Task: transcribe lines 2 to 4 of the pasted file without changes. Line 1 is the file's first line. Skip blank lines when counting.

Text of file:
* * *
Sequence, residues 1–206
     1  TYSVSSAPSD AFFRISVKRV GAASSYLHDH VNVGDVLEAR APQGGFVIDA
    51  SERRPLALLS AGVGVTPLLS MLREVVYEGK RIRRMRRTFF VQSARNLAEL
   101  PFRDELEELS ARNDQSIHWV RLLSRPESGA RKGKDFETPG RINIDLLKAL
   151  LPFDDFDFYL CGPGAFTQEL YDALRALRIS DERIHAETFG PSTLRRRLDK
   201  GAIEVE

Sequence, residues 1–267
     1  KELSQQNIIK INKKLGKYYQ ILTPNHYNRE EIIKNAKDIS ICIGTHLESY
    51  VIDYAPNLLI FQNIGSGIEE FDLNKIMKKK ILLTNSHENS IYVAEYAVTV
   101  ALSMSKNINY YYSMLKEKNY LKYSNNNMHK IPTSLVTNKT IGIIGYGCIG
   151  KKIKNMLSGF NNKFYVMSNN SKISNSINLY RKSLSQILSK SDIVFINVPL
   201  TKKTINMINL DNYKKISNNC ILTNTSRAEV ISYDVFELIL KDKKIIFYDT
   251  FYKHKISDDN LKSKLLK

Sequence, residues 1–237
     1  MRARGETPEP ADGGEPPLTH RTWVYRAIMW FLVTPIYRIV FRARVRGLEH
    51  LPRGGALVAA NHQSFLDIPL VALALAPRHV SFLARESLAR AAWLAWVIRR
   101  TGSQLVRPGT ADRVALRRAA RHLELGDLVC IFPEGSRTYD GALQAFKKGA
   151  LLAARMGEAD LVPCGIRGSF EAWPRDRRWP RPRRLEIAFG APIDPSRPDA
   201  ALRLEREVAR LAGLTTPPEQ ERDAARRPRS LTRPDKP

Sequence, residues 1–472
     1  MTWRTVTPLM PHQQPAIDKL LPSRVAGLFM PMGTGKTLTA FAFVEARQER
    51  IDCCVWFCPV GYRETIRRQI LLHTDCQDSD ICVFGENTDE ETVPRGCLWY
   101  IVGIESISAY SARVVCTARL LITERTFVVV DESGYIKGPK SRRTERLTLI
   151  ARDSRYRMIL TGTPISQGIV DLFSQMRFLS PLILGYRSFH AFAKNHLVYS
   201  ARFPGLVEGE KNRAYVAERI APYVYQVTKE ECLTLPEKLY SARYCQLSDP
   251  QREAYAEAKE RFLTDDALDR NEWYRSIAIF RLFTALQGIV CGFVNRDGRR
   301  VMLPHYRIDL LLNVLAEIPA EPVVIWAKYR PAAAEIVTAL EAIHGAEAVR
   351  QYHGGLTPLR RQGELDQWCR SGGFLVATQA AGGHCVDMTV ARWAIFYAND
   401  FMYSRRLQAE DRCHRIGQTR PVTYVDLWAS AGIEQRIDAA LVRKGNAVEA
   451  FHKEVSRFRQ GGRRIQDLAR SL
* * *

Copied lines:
     1  TYSVSSAPSD AFFRISVKRV GAASSYLHDH VNVGDVLEAR APQGGFVIDA
    51  SERRPLALLS AGVGVTPLLS MLREVVYEGK RIRRMRRTFF VQSARNLAEL
   101  PFRDELEELS ARNDQSIHWV RLLSRPESGA RKGKDFETPG RINIDLLKAL